Syncope is a transient loss of consciousness and is considered an example of interaction between the cardiovascular and nervous system. There are different cardiovascular causes for syncope. Vascular diseases include vertebra-basilar disease, subclavian steal, and bilateral carotid disease [19]. Vasovagal syncope (Gower syndrome) is a drop in stroke volume and blood pressure will interrupt the cerebral blood flow leading to syncope. The patho-physiology is explained by disruption in cardiovascular regulation to such an extent that postural hypotension or tachycardia or bradycardia occurs [20,21] Centrally mediated (or “reflex”) fall in systemic blood pressure is a condition that has been referred to as vasovagal (and later named as neurocardiogenic) syncope. That is referred to as neutrally mediated hypotension, the fainting reflex or vaso-depressive syncope.

That autonomic disturbance could be idiopathic or secondary to diseases like Diabetes and Amyloidosis. The reflex syncopes tend to exhibit abrupt falls in blood pressure that are often associated with a definitive prodrome. In contrast, the loss of consciousness in the orthostatic (or “dysautonomic”) syncopes tends to be slow and gradual [22]. The reflex syncope occurs because of a sudden failure of the ANS to maintain adequate vascular tone during orthostatic stress, resulting in hypotension (frequently associated with bradycardia). The two most frequent types of reflex syncope are neurocardiogenic (vasovagal) syncope and carotid sinus syndrome. The other types of reflex syncopes are often referred to as situational because they are often associated with specific activities or conditions. Neurocardiogenic syncope (NCS) can be quite varied in presentation [20-22]. Postural tachycardia syndrome (POTS) could present with near syncope, lightheadedness, dizziness, cognitive impairment and visual disturbance [23]. The hallmark of this group is a persistent tachycardia while upright, which can achieve rates of 160 bpm or higher. The second type of POTS is referred to as the “β-hypersensitivity” or “central” form. In this form, there is believed to be an inadequate feedback process that arises from above the level of the baroreflex [24]. Heart rates drop to 45 to 55 bpm, with complete chronotropic incompetence. Recent studies completed by Verino et al. [25] have demonstrated that many of these patients have high levels of antibodies to acetylcholine receptors in the autonomic ganglia, which suggests that the disorder is autoimmune in nature.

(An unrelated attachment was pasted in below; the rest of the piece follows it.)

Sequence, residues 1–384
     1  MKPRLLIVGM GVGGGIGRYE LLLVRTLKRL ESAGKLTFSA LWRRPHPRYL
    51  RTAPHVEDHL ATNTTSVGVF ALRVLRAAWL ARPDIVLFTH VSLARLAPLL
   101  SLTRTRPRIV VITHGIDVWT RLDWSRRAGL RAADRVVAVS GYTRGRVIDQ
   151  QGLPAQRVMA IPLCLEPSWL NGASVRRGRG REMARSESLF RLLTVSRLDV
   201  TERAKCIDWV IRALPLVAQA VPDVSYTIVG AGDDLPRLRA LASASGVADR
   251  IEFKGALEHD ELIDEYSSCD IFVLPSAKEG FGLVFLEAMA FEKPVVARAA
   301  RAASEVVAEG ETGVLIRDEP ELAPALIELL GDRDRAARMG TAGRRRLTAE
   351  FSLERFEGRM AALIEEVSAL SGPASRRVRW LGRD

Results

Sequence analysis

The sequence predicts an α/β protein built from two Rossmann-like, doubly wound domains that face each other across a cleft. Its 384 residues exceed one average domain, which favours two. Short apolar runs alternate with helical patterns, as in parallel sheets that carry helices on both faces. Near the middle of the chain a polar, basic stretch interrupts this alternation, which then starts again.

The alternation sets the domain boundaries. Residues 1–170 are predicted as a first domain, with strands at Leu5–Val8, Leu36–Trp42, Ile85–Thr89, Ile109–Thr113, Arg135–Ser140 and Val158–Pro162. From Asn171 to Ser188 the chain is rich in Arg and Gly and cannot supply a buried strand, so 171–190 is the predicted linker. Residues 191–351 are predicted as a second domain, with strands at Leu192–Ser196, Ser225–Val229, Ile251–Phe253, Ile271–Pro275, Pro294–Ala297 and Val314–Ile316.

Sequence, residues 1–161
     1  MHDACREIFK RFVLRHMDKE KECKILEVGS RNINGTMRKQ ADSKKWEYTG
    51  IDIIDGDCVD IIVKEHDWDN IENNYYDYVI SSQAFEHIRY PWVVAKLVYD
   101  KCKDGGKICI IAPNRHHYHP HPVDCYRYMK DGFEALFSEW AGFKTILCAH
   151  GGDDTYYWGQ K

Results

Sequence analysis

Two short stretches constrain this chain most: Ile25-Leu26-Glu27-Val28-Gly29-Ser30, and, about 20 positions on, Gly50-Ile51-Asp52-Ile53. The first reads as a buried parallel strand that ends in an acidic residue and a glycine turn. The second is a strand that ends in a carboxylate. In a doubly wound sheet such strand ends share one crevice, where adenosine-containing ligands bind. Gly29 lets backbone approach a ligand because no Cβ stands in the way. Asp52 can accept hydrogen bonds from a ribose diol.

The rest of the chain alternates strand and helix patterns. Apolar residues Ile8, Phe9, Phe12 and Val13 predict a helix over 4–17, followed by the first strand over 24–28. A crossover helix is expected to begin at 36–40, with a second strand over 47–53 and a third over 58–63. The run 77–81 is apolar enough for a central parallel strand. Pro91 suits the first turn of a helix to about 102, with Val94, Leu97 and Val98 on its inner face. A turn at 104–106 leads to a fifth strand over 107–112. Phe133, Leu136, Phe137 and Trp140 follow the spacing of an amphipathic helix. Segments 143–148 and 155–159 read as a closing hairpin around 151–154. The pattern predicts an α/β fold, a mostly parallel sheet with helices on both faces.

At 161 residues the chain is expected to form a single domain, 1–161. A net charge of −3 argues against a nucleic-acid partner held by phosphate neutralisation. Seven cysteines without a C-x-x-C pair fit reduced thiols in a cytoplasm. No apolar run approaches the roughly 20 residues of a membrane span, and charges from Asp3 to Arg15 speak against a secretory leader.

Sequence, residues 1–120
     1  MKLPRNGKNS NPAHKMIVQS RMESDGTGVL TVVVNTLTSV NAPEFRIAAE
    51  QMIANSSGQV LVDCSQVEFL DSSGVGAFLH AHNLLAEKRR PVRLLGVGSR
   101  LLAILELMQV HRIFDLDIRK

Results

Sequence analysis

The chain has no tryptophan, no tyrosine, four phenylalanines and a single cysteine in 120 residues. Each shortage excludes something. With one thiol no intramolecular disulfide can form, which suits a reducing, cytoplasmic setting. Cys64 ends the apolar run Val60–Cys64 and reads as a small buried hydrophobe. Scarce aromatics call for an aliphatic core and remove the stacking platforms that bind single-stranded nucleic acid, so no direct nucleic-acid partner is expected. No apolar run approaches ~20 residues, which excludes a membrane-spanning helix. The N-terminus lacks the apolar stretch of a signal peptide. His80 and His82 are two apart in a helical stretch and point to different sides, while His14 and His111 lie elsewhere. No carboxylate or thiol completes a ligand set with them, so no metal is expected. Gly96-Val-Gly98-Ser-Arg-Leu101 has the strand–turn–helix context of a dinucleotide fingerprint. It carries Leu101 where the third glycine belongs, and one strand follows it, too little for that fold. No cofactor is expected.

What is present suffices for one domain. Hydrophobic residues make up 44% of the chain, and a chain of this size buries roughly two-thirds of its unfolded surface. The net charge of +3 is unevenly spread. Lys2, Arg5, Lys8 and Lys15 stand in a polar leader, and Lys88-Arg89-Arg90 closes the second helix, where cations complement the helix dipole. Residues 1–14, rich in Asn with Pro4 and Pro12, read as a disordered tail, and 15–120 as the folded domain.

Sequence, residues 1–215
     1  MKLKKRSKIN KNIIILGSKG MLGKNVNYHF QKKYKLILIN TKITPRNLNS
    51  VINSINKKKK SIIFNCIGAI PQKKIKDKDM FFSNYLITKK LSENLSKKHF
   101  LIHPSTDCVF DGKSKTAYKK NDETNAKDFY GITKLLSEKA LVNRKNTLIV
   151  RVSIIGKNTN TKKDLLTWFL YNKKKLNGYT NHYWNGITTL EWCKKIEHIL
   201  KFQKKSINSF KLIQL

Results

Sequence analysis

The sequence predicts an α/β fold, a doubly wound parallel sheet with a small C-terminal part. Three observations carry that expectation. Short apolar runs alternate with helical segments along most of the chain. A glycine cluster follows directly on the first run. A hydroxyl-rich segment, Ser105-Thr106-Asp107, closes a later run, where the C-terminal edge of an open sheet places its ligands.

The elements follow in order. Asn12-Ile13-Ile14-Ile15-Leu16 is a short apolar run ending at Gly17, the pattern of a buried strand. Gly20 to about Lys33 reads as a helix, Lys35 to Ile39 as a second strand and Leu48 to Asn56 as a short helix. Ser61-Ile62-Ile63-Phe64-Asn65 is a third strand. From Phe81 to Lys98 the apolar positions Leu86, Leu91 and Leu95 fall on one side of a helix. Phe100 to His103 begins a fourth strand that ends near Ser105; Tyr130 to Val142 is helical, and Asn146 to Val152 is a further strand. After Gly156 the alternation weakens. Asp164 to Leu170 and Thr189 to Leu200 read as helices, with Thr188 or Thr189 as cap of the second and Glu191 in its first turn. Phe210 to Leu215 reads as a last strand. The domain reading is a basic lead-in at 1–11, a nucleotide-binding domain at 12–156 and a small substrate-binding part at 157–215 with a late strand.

Cardiac causes into mechanical and electrical.

Mechanical causes abruptly impede blood flow and lead to systemic hypo-perfusion and syncope

  1. Mechanical causes include (from common to less common)
  2. Ischaemic heart disease
  3. Non-ischaemic dilated cardiomyopathy
  4. Aortic stenosis
  5. Hypertrophic cardiomyopathy
  6. Arrhythmogenic right ventricular cardiomyopathy
  7. Cardiac tumors (atrial myxoma)
  8. Cardiac tamponade
  9. Severe pulmonary hypertension
  10. Pulmonary embolus
  11. Congenital heart disease